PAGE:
Suffering, sense-making and meeting of minds: Le Chambon-sur-Lignon as literary sanctuaryJournal Article
The mapping of the relationships between space and literature finds an advocate in Bertrand Westphal who argues that the complex networks of human activity that occur in geographical locations can act as a prism for literary interpretation. This paper adopts a geocritical lens in its focus on Le Chambon-sur-Lignon and the Plateau Vivarais-Lignon, an area of France distinguished by its Protestant history and identity as a mountain retreat. It is considered in this paper as a point of confluence in time and space for three important writers: Francis Ponge (1899–1988), Albert Camus (1913–1960) and Paul Ricoeur (1913–2005). Each came to reside in Le Chambon in the 1940s and 50s because of Protestant family ties and in search of respite and recuperation. Reflections on their experiences of ill health and physical hardship (selective muteness, tuberculosis and existence as a prisoner of war), together with a consideration of their practice of writing, set the scene for a discussion of writing as medicine.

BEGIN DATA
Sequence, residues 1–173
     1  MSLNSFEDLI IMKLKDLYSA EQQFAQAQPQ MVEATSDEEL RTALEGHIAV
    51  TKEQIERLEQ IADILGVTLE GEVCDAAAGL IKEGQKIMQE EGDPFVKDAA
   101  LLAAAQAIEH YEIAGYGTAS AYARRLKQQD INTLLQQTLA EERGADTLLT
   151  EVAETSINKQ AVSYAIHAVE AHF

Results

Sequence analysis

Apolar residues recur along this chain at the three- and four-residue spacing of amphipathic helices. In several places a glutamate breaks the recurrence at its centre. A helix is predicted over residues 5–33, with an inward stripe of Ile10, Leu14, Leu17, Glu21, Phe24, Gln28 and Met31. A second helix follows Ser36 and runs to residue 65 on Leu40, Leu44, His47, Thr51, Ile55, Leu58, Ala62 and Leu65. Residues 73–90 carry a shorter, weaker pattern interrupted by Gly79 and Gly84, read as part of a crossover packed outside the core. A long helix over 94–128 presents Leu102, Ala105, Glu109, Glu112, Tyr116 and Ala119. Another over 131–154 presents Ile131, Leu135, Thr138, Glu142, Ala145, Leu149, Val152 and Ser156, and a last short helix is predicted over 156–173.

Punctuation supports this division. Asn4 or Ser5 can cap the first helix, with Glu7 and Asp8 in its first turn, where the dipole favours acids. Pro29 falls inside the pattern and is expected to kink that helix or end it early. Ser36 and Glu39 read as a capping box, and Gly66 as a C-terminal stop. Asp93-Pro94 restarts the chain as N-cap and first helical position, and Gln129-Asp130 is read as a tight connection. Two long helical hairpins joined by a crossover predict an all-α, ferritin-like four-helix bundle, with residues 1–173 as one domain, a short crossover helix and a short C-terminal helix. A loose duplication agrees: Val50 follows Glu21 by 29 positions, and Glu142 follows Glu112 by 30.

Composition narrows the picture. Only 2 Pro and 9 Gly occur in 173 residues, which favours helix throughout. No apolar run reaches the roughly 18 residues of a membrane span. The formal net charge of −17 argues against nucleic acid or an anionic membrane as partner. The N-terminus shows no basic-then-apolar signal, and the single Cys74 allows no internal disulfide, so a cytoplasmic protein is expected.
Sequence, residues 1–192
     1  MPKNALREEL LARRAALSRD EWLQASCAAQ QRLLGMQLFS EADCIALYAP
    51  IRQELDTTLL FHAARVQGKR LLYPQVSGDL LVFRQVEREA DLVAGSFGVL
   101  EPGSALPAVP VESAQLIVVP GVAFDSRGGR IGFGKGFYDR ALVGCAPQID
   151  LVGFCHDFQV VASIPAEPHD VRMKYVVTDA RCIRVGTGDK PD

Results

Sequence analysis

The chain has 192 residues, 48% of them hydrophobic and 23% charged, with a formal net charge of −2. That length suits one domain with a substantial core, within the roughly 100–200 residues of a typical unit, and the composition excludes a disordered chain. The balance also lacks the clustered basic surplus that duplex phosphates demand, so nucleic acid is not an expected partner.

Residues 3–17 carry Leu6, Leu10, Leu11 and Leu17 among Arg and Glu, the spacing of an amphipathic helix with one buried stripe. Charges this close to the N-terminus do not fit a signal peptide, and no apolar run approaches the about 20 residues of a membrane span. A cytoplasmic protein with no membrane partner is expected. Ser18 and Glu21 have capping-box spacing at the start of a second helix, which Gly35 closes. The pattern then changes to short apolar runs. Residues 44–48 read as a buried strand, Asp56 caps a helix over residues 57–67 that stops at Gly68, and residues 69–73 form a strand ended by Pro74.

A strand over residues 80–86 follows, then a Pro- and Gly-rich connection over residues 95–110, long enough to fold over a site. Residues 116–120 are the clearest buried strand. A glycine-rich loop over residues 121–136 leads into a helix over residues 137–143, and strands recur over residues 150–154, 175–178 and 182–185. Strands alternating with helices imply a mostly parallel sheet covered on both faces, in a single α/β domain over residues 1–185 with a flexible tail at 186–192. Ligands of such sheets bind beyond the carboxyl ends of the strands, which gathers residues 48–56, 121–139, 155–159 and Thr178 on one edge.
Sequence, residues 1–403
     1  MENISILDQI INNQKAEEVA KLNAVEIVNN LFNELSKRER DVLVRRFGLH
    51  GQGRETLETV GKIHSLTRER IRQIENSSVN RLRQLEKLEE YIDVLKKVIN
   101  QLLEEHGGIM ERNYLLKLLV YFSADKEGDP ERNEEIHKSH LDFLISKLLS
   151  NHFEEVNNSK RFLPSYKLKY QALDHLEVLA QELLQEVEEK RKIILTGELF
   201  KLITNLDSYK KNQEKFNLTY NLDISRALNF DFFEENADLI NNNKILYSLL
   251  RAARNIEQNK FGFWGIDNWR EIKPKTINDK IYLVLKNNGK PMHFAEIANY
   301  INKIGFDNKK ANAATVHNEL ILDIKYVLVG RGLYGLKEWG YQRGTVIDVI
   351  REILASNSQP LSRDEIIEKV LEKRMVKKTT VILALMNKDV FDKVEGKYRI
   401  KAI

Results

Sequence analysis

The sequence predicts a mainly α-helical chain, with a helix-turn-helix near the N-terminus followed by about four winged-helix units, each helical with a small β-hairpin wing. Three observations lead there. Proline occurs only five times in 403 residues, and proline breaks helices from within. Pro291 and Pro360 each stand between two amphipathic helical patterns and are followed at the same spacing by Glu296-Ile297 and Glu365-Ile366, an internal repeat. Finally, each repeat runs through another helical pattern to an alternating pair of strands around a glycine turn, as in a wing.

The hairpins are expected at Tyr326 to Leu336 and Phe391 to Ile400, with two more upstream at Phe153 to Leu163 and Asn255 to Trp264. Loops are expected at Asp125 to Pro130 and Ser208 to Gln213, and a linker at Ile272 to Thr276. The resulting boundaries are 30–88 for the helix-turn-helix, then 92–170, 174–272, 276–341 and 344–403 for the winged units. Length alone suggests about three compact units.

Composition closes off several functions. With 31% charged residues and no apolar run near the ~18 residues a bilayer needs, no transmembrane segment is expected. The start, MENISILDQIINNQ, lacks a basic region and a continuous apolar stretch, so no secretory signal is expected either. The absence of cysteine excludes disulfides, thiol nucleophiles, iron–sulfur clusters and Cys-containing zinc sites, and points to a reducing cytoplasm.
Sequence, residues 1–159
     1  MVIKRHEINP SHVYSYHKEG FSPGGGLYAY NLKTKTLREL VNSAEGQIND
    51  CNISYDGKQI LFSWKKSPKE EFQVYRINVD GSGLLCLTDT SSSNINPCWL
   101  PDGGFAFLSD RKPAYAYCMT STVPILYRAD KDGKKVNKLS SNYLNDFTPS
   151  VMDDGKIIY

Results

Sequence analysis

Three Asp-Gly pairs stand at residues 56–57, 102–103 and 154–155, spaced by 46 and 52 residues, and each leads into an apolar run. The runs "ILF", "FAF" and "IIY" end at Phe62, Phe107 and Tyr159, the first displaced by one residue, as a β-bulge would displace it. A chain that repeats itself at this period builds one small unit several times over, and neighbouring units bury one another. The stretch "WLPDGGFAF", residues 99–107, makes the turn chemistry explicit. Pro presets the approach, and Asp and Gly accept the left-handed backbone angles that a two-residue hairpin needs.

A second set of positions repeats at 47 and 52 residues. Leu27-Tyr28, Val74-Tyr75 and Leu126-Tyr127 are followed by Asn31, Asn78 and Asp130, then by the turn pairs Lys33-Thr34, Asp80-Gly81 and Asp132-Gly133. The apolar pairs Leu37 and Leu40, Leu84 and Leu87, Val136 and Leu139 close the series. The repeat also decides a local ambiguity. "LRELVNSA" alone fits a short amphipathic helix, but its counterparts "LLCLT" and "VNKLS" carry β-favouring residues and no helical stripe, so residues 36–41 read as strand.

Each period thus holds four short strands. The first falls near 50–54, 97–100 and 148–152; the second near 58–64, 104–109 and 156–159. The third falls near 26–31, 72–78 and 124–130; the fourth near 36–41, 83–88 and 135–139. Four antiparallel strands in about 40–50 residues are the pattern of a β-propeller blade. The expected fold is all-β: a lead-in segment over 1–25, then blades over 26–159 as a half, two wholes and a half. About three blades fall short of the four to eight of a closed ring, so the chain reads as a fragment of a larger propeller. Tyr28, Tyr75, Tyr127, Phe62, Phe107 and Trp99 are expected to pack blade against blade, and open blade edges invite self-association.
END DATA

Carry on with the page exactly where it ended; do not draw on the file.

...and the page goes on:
Output InformationJones, S. 2020. Suffering, sense-making and meeting of minds: Le Chambon-sur-Lignon as literary sanctuary, Modern & Contemporary France, DOI: 10.1080/09639489.2020.1784858
Published Output URL: https://doi.org/10.1080/09639489.2020.1784858